Opioid Addiction 2017: Personalized Treatment By Race Identifies African-American Patients Who Need More Methadone

Doctors may be more successful in helping people overcome addiction with new information that certain patients will need a higher dose of methadone to kick their habit.

One of the uses of the narcotic is to ease pain in people who are addicted to opioids like heroin or Vicodin but are seeking help, according to the U.S. National Library of Medicine. “It works to treat people who were addicted to opiate drugs by producing similar effects and preventing withdrawal symptoms in people who have stopped using these drugs.” But just as biology may change someone’s tolerance for any medication, as well as alcohol or drugs, methadone dosage counts.

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Researchers have found that people with African ancestry have a genetic variation that is linked to an effective methadone dose, possibly making it easier to determine the proper daily amount, according to a study in Molecular Psychiatry.

“Patients receiving methadone treatment vary widely in their dose requirements,” Yale University said in a statement about their researchers’ work. “Individualized dosing is crucial to recovery: Too high of a dose can cause sedation and dangerous breathing difficulties; too low of a dose often leads to relapse.”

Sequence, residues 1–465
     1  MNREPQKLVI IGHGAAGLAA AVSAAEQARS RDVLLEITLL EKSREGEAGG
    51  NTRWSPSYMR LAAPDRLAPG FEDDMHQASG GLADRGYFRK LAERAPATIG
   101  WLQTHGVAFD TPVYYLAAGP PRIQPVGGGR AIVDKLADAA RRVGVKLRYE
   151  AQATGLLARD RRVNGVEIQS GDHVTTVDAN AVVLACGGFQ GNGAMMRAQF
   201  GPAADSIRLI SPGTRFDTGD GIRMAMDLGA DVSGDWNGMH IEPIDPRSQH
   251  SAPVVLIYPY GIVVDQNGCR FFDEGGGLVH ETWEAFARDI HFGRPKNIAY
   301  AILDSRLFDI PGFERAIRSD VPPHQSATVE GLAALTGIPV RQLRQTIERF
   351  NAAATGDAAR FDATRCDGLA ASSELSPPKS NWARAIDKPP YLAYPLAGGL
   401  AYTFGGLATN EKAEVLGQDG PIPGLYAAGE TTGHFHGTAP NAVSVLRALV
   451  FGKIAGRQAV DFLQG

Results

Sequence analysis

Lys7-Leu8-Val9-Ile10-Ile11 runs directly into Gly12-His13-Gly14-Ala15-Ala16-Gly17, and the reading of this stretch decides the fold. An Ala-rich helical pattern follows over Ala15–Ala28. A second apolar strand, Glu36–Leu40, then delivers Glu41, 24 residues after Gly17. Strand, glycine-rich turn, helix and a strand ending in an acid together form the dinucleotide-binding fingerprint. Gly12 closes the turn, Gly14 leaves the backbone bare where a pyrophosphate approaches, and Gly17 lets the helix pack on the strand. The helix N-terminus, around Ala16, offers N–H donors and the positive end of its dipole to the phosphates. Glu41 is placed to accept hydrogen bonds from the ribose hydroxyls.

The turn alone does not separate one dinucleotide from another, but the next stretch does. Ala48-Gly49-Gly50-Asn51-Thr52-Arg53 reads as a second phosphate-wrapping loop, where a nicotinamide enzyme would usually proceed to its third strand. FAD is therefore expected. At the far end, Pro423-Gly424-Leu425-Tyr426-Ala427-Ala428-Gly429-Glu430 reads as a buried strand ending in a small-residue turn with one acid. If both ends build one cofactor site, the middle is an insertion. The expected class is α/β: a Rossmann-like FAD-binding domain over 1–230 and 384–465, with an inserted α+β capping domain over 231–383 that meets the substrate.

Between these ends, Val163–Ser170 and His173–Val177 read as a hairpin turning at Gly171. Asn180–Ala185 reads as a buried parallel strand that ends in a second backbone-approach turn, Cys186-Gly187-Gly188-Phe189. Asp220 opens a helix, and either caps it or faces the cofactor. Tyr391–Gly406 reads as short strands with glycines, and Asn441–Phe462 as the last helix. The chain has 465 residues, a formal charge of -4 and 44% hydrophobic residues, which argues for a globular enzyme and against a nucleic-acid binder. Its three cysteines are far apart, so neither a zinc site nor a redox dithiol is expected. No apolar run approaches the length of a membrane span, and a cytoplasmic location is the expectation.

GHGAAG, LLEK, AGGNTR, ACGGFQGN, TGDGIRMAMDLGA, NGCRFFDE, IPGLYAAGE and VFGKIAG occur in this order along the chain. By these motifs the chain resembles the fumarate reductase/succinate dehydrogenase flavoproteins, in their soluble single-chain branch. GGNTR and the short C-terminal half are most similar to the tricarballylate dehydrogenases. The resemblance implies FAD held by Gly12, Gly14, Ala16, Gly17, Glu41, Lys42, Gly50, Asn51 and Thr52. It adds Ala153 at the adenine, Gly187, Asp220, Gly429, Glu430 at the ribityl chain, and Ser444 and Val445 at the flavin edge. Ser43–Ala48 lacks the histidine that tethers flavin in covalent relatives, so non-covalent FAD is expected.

doctor-899037_1280 The same genetic variant that would make black patients recovering from drug addiction need a higher dose of methadone would also make black children need more post-surgery pain meds. Image courtesy of Pixabay, public domain

The patients with the genetic variant, not found in those of European descent, would need a higher dose of methadone to be treated successfully.

In a non-addiction setting, the same genetic effect would require children with African ancestry to receive a larger dose of morphine to treat surgical pain.

Given the prevalence of opioid abuse and addiction in the United States, “improving the effectiveness of medical therapies has to be a priority,” lead author Andrew H. Smith said in the Yale statement.

The study notes that no other biomarkers exist for assisting doctors in treating opioid addiction, but this newly discovered gene variant may soon help those caring for black patients.

Source: Gelernter J, Smith AH, Jensen KP, et al. Genome-wide association study of therapeutic opioid dosing identifies a novel locus upstream of OPRM1. Molecular Psychiatry. 2017.

See also:

How People Beat Drug Tests

Drug-Using Parents Charged With Injecting Kids

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